Speakout – December 2008

| December 12, 2008

El Turbo

“Back in those days, that was the look – aluminum. It didn’t match the truck,”
says antique truck collector Jerry Howard of Fairborn, Ohio, of the sleeper on his 1949 Peterbilt 350. He bought El Turbo in 2006, restored it and won First in Antique Working Truck at the 2006 Pride & Polish. The truck’s boxy sleeper was custom-made for Gene Smith, known as “the West Coast Legend.” The truck, which Smith ran on the California coast from 1970 to 1998, was featured on the October 1976 cover of Overdrive.I was a trainer for Werner Enterprises for nearly three years and an owner-operator for the fleet for just under a year when I was involved in a terrible accident.

Werner helped me through hell
On May 29, 2006, I was on Maine’s Kennebec River when my boat struck a submerged log and threw me into the water. The boat ran me over twice as it traveled uncontrolled in a circle, and I received deep cuts across my arms, chest, fingers and face.

I awoke 26 days later at Maine Medical Center. A week after regaining consciousness, I called Werner to find out the status of my 2003 Freightliner Century, which was financed though the fleet. They immediately suspended the $1,600-per-month truck payments and made sure my insurance premium was paid each month. I was in the hospital for five more weeks, learning how to walk. My badly mangled right arm was amputated above the elbow, and I had limited use of my left hand.

When I was released from the hospital, Werner gave me time to find a driver for my truck. They continued to pay my insurance premium from my escrow maintenance account and allowed me to pull money from escrow to pay pressing bills. When I couldn’t find a qualified driver, they made arrangements for me to turn my truck in with no recovery fee.

They also started me on 18 months of COBRA insurance from the truck’s recovery date, not the accident date, and gave me the remaining balance of my escrow account.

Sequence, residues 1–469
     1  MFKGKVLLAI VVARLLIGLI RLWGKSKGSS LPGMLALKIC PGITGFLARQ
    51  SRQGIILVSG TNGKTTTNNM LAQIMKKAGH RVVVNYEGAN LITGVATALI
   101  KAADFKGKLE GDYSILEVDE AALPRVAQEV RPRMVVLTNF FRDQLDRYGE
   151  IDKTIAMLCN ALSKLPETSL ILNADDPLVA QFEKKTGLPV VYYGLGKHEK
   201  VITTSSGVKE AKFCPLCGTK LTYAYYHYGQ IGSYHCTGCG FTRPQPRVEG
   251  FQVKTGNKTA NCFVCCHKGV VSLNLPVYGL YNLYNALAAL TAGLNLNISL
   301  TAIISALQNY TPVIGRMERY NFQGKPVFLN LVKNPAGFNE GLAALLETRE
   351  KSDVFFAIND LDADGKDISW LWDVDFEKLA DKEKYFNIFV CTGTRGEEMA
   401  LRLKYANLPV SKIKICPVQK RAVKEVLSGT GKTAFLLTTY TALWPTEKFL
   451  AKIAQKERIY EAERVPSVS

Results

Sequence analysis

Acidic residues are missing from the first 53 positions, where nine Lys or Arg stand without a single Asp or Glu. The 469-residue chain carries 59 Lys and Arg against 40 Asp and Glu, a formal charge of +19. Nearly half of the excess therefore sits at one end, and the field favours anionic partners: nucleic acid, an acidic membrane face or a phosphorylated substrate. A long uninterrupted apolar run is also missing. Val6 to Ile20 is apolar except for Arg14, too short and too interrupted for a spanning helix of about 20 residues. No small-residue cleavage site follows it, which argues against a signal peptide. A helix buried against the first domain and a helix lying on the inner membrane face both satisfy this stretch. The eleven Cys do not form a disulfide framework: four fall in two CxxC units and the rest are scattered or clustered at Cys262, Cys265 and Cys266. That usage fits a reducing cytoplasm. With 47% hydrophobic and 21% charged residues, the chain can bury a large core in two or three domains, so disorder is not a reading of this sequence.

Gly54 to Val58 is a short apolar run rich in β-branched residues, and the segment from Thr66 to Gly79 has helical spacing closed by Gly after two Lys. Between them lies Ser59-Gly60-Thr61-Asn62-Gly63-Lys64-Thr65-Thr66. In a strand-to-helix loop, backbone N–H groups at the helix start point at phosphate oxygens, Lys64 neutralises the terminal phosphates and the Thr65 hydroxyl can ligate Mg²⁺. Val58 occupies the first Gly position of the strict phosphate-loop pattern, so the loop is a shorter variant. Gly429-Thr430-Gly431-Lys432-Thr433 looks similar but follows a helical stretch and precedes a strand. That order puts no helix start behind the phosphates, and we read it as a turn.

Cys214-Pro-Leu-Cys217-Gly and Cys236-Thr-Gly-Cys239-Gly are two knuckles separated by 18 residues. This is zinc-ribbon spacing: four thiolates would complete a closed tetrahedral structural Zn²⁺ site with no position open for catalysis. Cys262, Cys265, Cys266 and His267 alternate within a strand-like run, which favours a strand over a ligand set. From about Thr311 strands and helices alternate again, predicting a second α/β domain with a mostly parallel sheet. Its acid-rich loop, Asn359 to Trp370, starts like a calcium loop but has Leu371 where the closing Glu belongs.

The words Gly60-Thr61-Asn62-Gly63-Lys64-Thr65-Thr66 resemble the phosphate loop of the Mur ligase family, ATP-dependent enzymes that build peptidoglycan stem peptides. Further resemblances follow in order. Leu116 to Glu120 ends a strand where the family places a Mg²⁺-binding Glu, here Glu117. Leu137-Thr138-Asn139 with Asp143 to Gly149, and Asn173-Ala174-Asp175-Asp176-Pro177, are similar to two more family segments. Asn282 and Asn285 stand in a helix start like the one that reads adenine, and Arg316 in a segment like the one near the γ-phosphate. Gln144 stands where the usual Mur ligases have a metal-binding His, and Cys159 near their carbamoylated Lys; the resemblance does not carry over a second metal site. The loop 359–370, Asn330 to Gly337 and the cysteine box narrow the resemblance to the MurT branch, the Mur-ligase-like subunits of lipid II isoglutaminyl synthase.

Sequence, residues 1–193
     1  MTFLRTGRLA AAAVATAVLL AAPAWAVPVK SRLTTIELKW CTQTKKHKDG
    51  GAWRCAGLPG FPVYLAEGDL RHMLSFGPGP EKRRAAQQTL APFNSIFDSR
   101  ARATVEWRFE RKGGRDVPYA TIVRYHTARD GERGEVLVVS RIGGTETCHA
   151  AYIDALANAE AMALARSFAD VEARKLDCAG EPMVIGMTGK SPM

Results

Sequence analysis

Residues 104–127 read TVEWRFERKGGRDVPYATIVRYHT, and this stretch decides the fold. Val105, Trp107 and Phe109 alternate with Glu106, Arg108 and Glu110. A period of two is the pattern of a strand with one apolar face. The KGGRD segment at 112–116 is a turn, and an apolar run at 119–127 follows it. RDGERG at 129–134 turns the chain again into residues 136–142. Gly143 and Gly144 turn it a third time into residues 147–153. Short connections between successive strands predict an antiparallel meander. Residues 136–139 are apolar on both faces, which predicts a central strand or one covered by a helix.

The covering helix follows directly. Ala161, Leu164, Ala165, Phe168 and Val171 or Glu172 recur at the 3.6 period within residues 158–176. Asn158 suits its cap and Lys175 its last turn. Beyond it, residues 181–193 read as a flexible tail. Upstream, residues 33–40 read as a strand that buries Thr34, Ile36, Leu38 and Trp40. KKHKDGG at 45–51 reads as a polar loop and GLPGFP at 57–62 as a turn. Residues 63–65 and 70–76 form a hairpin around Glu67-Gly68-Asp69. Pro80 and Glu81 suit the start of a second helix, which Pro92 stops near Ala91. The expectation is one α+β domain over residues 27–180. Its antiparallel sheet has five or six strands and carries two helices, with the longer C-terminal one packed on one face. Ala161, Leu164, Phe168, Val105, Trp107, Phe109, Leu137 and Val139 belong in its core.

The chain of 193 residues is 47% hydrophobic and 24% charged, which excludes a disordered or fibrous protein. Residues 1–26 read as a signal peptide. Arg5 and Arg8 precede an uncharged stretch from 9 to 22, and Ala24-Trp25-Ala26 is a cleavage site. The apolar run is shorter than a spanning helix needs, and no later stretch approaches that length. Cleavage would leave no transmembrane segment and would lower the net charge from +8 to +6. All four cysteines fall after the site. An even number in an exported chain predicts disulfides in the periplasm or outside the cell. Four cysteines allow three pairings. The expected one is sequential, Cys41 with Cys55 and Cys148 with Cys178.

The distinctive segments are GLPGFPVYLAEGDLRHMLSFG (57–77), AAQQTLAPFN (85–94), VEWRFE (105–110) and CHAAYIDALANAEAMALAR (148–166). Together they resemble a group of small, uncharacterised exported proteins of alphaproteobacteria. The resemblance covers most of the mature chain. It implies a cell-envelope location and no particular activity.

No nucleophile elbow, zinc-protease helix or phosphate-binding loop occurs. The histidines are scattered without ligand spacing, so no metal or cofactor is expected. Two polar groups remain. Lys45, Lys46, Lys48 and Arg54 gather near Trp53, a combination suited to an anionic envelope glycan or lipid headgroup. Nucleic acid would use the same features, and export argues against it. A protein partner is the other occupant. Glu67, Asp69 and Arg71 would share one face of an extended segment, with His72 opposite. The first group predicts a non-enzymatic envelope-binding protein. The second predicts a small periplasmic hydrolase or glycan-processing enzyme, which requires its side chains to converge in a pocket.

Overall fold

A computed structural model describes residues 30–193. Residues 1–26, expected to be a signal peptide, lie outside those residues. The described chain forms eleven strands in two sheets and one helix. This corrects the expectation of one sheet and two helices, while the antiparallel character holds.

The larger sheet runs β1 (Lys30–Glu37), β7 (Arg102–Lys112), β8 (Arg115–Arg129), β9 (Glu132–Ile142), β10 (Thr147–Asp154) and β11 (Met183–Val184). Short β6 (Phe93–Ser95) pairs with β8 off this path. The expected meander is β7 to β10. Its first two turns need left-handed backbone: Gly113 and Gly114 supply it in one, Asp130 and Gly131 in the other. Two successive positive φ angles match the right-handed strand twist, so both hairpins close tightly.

Werner has told me that when I re-establish my CDL, I have a guaranteed job with them. I now can see the light at the end of the tunnel.

Even before the accident, Werner repeatedly proved to me that driver retention is important. I truly am grateful to everyone who rooted for me to pull through.
Roger Mackbach
Turner, Maine

Want better treatment? Act right
I’m responding to Frank Gonzales’ letter in the August WriteOn ["No one appreciates what truckers do for others"] about truckers being perceived as scumbags.

My grandfather and father drove, back when truck drivers were respected, and were courteous and friendly to other motorists. I rode with them when I was a child, and they took the time to help someone stranded on the road. People in those days were glad to see a truck driver lend a hand.

But times have changed. Most of today’s American truck drivers don’t speak English and park their truck across five dock doors, blocking everything. They dump trash on the pavement and throw bottles of urine in parking lots. They use profane language on the CB and are rude to other truck drivers.

If my grandfather and father still were alive, they would be ashamed of today’s trucker, as my truck-driving brother and I are today. Not all drivers act unprofessionally, but a majority do.

If truckers don’t want to be labeled as scumbags, then they should stop acting like scumbags. The actions of a few affect us all.
Steve Baker
Russellville, Mo.

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